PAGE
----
United States District Court, D. Massachusetts
ORDER ON PETITIONER'S MOTION FOR INSPECTION OF
LOWER COURT (#72)
Page Kelley United States Magistrate District Judge
has filed a “Motion for Inspection of Lower Court's
Ongoing Suspicious Dealings with Plaintiff's Past and
Present Filings.” (#72). For the reasons set forth
below, the motion is DENIED.
habeas action under 28 U.S.C. § 2254, Dashaun Wright
challenges his 2004 Massachusetts convictions. At present, he
is serving his sentence for those convictions at the Ely
State Prison in Ely, Nevada.
Motion for Inspection, Petitioner claims that Massachusetts
and Nevada officials are operating a “scam/scheme
I'm currently serving my time in Nevada, a transfer
I'm certain was due to Massachusetts' Department of
Correction and state officials in collusion with some unknown
outside entity, illegally obtaining funds of min [sic] before
creating a “scam/scheme operation” with the sole
purpose of continuing to do business with these funds while
unjustly but secretly denying me my independence. Here in
Nevada, D.O.C. staff and state officials have adopted the
criminal design entirely.
It is my theory that the motive of Massachusetts state
officials employment of the “scheme operation” is
to force me to proceed pro se where I would be exploited by
the courts, rather than allow me to hire legal representation
that will expose the ineffectiveness that also constitutes as
malpractice by trial and appellate counsel, and prosecutorial
misconduct by the courts and prosecution.
Mot. at 1-2.
believes that the disposition of a civil action he filed in
Suffolk Superior Court after he had been transferred to
Nevada could be evidence of this “scheme.”
Petitioner represents that his claims in that action
concerned the “scheme operation” itself. He
states that, after discovery had been stayed for over a year,
he filed a motion for a restraining order in which he
“incriminate[d] Massachusetts state officials and their
Nevada agents.” Id. at 3. Shortly thereafter,
in December 2017, the case was dismissed. He implies that
the dismissal was to prevent exposure of the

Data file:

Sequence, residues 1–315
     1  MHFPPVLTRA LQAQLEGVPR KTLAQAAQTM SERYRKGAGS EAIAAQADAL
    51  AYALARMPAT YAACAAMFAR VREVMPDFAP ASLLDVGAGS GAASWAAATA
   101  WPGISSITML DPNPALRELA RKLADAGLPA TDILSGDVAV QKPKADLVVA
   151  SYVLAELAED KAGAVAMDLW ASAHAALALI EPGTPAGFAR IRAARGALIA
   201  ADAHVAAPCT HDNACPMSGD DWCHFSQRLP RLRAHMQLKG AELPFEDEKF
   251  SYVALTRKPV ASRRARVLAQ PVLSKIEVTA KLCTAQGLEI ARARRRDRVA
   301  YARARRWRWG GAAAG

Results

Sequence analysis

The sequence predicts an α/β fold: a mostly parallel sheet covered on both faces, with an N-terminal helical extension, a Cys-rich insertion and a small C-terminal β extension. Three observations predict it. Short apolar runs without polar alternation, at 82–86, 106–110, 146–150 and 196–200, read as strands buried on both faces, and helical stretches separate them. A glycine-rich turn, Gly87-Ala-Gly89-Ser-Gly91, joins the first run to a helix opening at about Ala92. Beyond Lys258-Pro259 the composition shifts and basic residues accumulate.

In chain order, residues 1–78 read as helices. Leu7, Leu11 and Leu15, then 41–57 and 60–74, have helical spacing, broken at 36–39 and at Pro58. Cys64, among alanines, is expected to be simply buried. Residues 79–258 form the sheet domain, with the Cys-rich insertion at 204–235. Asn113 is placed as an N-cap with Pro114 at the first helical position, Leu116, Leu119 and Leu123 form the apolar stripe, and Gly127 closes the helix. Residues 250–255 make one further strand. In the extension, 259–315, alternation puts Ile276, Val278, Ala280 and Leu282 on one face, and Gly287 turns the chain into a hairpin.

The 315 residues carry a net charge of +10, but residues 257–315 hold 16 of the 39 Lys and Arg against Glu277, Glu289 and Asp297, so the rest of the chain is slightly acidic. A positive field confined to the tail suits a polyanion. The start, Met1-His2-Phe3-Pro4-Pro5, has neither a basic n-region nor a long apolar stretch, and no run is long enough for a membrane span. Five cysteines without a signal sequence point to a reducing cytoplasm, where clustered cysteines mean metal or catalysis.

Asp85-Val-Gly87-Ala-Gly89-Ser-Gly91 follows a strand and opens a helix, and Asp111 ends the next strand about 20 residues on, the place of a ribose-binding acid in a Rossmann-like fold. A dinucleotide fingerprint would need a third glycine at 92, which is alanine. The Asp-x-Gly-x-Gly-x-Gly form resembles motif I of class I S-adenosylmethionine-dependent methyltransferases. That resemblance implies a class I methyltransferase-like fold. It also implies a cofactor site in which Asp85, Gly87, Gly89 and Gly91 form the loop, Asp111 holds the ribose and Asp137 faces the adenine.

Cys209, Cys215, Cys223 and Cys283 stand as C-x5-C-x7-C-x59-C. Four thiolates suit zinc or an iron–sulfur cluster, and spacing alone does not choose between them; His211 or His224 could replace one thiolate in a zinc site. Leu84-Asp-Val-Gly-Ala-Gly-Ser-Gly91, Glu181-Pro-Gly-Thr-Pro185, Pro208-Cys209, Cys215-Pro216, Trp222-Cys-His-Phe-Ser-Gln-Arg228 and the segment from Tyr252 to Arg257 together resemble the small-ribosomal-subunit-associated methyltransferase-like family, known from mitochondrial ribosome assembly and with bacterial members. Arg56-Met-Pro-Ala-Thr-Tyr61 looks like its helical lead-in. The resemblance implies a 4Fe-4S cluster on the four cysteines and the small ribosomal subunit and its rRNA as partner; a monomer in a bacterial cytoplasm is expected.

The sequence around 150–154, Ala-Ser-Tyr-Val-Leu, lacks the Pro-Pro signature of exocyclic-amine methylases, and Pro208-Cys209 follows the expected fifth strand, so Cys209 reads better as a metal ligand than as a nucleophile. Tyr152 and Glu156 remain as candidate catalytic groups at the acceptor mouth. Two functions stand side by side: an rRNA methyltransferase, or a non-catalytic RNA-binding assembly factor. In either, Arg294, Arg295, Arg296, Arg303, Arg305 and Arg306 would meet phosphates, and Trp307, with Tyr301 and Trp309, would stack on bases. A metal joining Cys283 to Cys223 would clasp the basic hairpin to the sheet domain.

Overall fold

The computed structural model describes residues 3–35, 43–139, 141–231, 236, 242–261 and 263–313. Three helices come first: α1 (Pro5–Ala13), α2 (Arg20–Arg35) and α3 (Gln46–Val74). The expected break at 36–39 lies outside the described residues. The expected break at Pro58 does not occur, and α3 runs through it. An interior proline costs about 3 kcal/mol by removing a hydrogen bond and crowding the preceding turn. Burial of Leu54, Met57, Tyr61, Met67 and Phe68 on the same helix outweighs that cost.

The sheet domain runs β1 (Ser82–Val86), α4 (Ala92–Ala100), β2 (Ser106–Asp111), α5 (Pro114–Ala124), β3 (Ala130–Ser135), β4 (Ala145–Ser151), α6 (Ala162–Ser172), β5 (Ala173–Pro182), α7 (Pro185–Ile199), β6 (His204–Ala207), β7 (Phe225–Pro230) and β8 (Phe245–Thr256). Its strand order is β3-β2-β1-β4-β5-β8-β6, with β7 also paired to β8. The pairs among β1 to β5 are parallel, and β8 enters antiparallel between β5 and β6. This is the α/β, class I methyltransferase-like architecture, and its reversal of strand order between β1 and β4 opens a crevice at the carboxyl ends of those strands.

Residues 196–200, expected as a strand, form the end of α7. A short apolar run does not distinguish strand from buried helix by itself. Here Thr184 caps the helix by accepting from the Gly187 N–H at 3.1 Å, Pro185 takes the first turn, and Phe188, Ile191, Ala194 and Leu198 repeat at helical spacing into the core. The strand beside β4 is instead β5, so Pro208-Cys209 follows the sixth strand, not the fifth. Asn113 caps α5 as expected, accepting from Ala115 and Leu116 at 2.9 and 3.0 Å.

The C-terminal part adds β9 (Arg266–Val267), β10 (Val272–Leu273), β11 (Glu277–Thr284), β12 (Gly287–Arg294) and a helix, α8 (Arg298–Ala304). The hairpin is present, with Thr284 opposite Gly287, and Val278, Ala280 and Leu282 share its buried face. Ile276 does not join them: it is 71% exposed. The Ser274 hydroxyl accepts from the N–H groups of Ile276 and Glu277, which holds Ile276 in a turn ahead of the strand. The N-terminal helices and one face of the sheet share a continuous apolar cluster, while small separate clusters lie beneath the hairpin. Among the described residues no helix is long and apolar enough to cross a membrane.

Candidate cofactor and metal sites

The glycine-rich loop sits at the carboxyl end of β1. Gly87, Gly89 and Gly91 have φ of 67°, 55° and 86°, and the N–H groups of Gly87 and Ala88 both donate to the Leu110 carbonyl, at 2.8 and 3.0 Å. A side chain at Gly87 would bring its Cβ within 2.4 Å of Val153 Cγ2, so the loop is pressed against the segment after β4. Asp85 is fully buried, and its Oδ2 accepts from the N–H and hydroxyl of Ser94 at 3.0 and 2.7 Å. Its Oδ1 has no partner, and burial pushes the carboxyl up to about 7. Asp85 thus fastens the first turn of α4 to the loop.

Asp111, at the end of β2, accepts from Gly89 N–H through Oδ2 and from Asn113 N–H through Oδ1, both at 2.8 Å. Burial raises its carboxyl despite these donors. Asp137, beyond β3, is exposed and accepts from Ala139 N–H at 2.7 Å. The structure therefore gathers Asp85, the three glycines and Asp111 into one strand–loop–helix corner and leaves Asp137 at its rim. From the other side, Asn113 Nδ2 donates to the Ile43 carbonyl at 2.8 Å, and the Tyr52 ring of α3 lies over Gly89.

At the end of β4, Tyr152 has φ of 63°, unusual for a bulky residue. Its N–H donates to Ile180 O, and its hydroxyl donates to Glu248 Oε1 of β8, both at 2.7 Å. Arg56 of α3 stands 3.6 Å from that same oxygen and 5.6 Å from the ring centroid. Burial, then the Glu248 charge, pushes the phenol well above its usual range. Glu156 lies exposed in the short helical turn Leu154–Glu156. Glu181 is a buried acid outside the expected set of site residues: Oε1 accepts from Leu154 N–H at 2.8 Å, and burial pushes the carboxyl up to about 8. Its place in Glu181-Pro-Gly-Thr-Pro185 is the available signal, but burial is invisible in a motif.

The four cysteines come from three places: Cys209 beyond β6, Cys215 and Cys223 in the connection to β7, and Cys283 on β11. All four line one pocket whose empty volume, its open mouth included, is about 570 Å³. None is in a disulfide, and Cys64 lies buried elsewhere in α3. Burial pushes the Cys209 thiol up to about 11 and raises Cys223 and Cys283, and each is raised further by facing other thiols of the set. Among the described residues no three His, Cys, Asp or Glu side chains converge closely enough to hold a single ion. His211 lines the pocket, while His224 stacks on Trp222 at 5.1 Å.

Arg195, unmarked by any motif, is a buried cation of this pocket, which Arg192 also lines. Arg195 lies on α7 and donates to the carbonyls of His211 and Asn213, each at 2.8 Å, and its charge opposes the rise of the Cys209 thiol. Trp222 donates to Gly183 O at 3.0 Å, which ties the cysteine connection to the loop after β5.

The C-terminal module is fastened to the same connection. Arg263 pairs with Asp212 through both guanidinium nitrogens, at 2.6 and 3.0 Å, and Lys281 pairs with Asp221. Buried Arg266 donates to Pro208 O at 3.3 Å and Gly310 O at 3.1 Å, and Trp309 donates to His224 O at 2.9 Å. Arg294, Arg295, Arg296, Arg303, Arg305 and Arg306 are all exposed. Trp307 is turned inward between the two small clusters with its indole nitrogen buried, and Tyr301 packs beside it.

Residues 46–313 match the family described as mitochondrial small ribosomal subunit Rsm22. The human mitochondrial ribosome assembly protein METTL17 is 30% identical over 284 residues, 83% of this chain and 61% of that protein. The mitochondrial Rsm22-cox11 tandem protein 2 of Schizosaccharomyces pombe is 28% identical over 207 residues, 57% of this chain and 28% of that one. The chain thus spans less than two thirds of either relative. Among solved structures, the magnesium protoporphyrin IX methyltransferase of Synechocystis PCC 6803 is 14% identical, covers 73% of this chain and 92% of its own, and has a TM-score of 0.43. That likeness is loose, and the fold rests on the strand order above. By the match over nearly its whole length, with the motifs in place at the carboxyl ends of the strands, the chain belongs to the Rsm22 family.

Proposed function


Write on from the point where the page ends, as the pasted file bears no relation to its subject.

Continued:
also believes that the docket of the case was sabotaged and
that state court showed “deliberate indifference”
concerning his “allegation of criminal conduct by state
officials.” Id. at 4. Further, he alleges that
state criminal court sabotaged his attempts to obtain
post-conviction relief by failing to docket his second motion
for a new trial.
asks this Court “to investigate the lower courts'
unethical behavior, because these incidences cannot be
coincidental, instead they display a pattern of behavior by
the lower courts, which indicates that the lower courts have
an obvious agenda.” Id. at 4. He is not
directly challenging the dismissal of his state civil action:
“Now it's not the adverse ruling itself that
warrants investigation, but rather the motive for, and the
timing of the ruling, and the lower court's unwillingness
to explore discovery, and whether this willingness is to
protect certain state officials possible including court
employees to conceal misconduct.” Id.at 3.
III of the Constitution limits the judicial power of federal
courts to deciding actual “Cases” or
“Controversies.” U.S. Const. art. III, § 2.
“In other words, for a federal court to have authority
under the Constitution to settle a dispute, the party before
it must seek a remedy for a personal and tangible
harm.” Hollingsworth v. Perry, 570 U.S. 693,
the Court lacks jurisdiction to conduct an investigation of
state authorities; the matter presented does not meet Article
III's jurisdictional requirement of a case or
controversy. The role of a federal court is to adjudicate
disputes presented to it by the parties whose interests are
at stake. It does not have jurisdiction to investigate
suspicious conduct to see if a dispute exists. In contrast, a
federal grand jury, which is convened by a federal
prosecutor, “does not depend on a case or controversy
for power to get evidence but can investigate merely on
suspicion that the law is being violated, or even just
because it wants assurance that it is not.” United
States v. Morton Salt ...